US Passport Agency contractor stole applicants’ data to steal their identities

Three women from Houston, Texas, stand accused of engaging in an identity theft scheme in which one of them, a contract employee of the Department of State Passport Agency, was in charge of stealing personally identifiable information of persons applying for a passport.

The information was then used to create counterfeit identification documents, which the other two women would use to successfully impersonate the affected individuals in order to fraudulently obtain commercial lines of credit and to purchase iPhones, iPads and other electronic merchandise.

This scheme went on for over five years.

There are no more details about how Chloe McClendon, the Passport Agency contractor, exfiltrated the personal data in question, but according to The Washington Post, the US Passport Agency has decided last month to ban both federal employees and private contractors from bringing devices equipped with a camera into the offices where they review and process requests for passports.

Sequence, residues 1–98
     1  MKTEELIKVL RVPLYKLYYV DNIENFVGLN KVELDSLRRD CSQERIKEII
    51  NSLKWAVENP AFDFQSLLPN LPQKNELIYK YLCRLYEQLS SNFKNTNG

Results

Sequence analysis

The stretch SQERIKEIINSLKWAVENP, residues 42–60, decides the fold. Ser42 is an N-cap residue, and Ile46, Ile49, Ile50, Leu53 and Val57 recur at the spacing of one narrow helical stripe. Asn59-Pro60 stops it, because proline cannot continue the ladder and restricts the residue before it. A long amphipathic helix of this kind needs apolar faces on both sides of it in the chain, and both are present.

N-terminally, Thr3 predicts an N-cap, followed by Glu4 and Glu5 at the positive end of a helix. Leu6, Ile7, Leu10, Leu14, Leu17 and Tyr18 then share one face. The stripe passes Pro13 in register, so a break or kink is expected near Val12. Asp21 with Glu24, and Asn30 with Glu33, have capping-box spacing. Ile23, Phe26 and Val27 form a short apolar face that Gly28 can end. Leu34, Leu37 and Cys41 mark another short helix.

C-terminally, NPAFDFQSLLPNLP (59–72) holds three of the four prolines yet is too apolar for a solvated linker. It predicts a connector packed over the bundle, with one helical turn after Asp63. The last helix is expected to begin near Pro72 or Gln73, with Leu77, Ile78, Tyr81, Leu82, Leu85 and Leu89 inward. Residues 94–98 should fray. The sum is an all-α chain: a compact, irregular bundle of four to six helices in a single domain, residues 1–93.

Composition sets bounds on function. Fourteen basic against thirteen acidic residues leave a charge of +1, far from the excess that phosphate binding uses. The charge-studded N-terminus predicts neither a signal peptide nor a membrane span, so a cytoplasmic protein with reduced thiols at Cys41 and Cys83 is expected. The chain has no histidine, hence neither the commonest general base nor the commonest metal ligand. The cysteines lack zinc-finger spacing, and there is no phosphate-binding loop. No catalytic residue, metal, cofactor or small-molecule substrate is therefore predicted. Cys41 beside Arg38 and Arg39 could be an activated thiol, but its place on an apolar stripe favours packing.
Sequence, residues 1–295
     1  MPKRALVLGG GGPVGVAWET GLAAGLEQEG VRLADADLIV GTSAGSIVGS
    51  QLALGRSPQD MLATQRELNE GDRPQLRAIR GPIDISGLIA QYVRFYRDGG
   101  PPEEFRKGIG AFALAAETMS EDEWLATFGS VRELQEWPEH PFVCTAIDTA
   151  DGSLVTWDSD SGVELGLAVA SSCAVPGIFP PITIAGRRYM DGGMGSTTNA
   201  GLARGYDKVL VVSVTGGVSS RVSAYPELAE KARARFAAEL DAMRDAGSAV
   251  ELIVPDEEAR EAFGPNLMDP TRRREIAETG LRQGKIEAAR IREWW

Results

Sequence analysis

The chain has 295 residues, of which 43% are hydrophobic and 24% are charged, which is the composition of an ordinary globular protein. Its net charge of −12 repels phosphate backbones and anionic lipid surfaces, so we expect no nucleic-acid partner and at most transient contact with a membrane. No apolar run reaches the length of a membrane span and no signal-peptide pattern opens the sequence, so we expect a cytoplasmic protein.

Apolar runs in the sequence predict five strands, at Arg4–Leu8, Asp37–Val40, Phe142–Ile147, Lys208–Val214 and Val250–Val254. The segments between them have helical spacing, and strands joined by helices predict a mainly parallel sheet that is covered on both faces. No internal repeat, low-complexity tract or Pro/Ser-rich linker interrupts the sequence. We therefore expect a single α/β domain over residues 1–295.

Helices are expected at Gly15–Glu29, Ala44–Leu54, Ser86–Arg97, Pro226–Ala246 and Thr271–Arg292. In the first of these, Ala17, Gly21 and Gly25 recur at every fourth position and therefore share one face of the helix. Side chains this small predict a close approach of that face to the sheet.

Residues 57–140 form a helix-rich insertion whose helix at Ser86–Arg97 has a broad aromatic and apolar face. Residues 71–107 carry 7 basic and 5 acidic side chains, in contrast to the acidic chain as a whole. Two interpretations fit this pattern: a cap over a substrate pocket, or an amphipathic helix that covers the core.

Apparently, this decision was influenced by the Houston incident, indicating that McClendon likely took pictures of private information on passports.

Technically, banning devices with cameras won’t stop determined insiders from stealing information.

As Rob Arnold, president of the National Federation of Federal Employees Local 1998 that represents Passport Agency workers nationwide, pointed out, they can still use a pen and paper to write the information down and exfiltrate it that way. They can also fax the information or simply memorize it, then write it down once they are home.

Federal employees and contractors are vetted before being allowed to perform work that includes dealing with this type of information, but preventing this type of incident from ever happening again seems impossible.

Another problem in this particular case might be cost cutting. According to Arnold, in the last few years the Passport Agency has been employing contractors to do jobs that used to be higher responsibility government posts.

The insider threat is a notoriously difficult problem to solve, because insiders can have different motives for doing what they do. When money is the main motive, insiders usually set up a quiet way to steal and use (or sell) confidential or proprietary information.

Jim Gogolinski, Senior Threats Researcher at Trend Micro, wrote a helpful overview of the malicious insider problem, and offered some advice on how to prevent and mitigate the insider threat.